NPR reports: In the digital world, almost everything you do to communicate leaves a trace. Often, emails are stored on servers even after they’re deleted. Phone calls create logs detailing which numbers connected, when and for how long. Your mobile phone can create a record of where you are.
If you’re a journalist trying to protect a confidential source, this is a very difficult world to work in.
“I have been running around in my newsroom, screaming about this … for years,” says Julia Angwin, who covers computer security and privacy at The Wall Street Journal. “There’s so much evidence now that journalists are being targeted, that our communications are vulnerable and, mostly, that our sources are being put in jail.”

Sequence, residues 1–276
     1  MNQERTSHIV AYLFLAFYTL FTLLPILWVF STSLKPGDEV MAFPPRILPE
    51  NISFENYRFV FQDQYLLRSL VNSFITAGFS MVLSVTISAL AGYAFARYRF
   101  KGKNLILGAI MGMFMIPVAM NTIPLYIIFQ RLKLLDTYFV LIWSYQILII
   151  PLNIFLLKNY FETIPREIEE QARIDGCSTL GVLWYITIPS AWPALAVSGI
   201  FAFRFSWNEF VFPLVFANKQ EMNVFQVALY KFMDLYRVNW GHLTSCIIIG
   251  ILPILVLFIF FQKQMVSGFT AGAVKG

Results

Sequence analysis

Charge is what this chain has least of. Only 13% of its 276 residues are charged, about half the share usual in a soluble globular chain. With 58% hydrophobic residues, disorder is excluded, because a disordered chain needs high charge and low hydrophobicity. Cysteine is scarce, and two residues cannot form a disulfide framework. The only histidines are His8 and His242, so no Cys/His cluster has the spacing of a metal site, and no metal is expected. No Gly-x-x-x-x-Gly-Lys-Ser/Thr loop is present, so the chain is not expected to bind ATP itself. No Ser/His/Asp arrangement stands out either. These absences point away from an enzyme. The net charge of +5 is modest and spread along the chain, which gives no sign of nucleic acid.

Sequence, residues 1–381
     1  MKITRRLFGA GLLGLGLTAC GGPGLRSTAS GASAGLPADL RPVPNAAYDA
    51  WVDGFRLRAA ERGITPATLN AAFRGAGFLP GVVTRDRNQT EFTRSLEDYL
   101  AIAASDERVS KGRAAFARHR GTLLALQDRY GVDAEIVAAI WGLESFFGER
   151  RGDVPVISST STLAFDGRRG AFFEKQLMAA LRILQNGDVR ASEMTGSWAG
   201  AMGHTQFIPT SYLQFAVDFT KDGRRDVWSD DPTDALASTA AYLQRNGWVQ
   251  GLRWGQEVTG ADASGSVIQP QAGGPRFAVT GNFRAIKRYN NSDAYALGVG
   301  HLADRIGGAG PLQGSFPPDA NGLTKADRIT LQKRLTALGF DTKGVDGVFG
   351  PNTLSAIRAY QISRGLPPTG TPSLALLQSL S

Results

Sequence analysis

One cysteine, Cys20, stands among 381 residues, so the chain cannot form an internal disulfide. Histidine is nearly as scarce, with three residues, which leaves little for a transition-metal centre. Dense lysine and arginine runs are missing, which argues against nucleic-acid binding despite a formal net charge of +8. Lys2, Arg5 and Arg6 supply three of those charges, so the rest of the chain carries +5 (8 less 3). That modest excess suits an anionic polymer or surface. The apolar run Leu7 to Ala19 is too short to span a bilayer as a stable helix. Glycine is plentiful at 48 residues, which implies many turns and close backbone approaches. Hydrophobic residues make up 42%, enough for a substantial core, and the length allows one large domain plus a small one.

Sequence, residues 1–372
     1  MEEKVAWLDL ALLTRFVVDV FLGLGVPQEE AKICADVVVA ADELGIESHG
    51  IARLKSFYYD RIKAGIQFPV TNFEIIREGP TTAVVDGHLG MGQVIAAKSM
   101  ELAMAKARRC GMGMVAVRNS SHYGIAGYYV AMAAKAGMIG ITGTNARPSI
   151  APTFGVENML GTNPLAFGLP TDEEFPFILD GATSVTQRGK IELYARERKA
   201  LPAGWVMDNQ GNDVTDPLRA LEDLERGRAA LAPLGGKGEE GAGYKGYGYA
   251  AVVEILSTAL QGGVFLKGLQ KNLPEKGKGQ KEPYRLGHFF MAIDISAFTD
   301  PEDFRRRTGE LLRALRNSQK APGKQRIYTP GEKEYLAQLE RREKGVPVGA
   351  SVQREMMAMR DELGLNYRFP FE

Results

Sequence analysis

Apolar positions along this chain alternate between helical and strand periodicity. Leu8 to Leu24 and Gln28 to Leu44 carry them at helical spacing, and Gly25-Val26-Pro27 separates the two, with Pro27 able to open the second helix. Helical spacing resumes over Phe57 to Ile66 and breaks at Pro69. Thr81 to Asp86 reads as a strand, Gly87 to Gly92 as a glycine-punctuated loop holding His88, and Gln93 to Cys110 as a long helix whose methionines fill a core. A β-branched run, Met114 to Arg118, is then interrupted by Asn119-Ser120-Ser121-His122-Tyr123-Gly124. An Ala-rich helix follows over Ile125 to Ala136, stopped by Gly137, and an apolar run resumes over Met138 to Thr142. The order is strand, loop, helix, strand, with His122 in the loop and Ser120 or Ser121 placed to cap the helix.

It’s in this context that The New York Times decided to outsource its email to Google. This summer, the paper moved all of its reporters onto corporate Gmail accounts. Before the switch, Times emails were stored on servers it owned; now those messages are in Google’s digital filing cabinet.
Unlike the free Gmail used by millions of consumers, corporate Gmail accounts cost money and offer greater privacy protections. But that protection is not complete, and the move could leave Times reporters and their sources with fewer legal protections if they are the subject of a government investigation.
Angwin says one of the reasons that so many journalists have been unable to protect their sources is that records about whom they are talking to are collected by third parties. Last year, when the Department of Justice was investigating a leak about a foiled terrorism plot in Yemen, it didn’t subpoena reporters at the Associated Press. Instead, it went to Verizon and asked for the records of calls going into and out of the AP’s bureaus. [Continue reading…]